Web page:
Saturday, 23 February 2013

Jimmy Evans- The Joint's Really Jumpin

Arkansas was the heartland of rockabilly, it was a state that produced the likes of Ronnie Hawkins, Mack Self, Conway Twitty, the list goes on. It's music history is fascinating, not only did it have one of the hottest live music circuits going around there were a number of small labels located in the state, such as Razorback Records. Rockabilly began to fade as a popular style in the late 50's but some of those early pioneers continued to record, some transitioned to a more country style, others added a harder rhythm and blues edge, it makes for fascinating listening.

One such artist was Marianna, Arkansas native Jimmy Evans who was known more as a session player, he had played at Sun with Jerry Lee Lewis, he had been on the road with Conway Twitty, Billy Lee Riley and the great Ronnie Hawkins. He plays on some of the Hawk's early rockabilly classics like Mary Lou and Forty Days. After leaving the Hawks in 1960 Jimmy returned south and cut records for a lot of local labels, Sun, Rebel Ace and Erwin. In 1962 he recorded The Joint's Really Jumpin, which is a classic barnstorming rocker, very much in the mould of Jerry Lee Lewis. It has that similar piano pounding sound pioneered by the Louisiana legend, it starts off sounding a little like Danny and The Junior's At The Hop. The song was issued on the Caveman Record label which was located in Wolf Lake Illinois according to the sleeve. Not sure where the record was recorded my guess would be at Sun studios possibly with the legendary Jimmy Ray Paulman on guitar, another Hawkins alumni.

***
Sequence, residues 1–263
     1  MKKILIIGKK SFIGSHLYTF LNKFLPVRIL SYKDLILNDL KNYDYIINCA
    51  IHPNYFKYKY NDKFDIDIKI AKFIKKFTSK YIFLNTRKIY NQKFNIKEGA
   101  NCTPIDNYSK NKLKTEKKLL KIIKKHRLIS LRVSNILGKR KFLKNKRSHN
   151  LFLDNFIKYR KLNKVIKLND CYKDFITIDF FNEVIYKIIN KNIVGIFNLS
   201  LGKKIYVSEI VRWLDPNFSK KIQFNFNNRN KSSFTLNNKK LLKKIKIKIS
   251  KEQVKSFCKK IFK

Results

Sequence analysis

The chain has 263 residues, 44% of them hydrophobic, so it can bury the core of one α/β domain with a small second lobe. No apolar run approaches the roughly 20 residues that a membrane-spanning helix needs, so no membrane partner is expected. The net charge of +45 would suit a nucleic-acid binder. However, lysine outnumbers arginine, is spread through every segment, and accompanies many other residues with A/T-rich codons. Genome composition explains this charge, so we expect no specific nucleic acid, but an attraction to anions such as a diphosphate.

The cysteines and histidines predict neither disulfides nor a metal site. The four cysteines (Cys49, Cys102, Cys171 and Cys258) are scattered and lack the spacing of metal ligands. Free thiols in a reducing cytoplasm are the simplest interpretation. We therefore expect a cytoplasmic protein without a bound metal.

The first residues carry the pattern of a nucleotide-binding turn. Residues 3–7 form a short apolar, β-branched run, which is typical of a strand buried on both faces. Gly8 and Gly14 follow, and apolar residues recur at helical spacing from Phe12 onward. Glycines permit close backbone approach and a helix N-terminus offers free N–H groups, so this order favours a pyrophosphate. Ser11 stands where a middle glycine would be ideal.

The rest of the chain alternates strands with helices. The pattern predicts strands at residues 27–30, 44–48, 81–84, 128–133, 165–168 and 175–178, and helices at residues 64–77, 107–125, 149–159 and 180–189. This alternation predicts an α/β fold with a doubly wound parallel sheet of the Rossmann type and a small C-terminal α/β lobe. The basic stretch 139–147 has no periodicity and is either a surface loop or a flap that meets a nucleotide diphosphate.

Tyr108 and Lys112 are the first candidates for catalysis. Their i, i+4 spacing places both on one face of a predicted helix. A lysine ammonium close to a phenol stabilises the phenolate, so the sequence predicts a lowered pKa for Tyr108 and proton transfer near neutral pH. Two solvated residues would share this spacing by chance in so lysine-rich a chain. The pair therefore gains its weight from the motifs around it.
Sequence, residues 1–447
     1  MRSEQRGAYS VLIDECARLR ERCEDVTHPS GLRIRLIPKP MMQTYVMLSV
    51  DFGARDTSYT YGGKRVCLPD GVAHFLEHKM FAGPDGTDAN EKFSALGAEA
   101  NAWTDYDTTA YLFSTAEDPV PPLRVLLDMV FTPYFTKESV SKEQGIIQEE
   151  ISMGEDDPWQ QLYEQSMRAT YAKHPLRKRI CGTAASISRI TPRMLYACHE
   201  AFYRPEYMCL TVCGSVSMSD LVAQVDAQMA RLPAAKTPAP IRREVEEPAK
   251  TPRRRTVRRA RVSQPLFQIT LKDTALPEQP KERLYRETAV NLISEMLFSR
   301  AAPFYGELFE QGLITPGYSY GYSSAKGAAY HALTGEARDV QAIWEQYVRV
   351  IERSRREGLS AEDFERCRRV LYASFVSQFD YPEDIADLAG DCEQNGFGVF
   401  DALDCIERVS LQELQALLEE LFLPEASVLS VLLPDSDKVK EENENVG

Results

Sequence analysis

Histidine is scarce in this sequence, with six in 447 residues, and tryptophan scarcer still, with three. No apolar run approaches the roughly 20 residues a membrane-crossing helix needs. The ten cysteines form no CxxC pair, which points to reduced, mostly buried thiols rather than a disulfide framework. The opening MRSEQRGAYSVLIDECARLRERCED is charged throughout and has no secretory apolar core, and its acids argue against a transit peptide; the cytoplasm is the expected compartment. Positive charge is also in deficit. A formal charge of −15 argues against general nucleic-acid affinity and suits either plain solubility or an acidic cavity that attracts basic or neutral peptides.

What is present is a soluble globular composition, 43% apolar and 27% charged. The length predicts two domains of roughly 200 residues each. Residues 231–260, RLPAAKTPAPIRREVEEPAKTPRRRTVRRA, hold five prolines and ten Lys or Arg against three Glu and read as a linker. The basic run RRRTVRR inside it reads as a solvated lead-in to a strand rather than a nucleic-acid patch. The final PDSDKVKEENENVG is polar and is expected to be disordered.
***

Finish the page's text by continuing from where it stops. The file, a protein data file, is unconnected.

No comments:

Post a Comment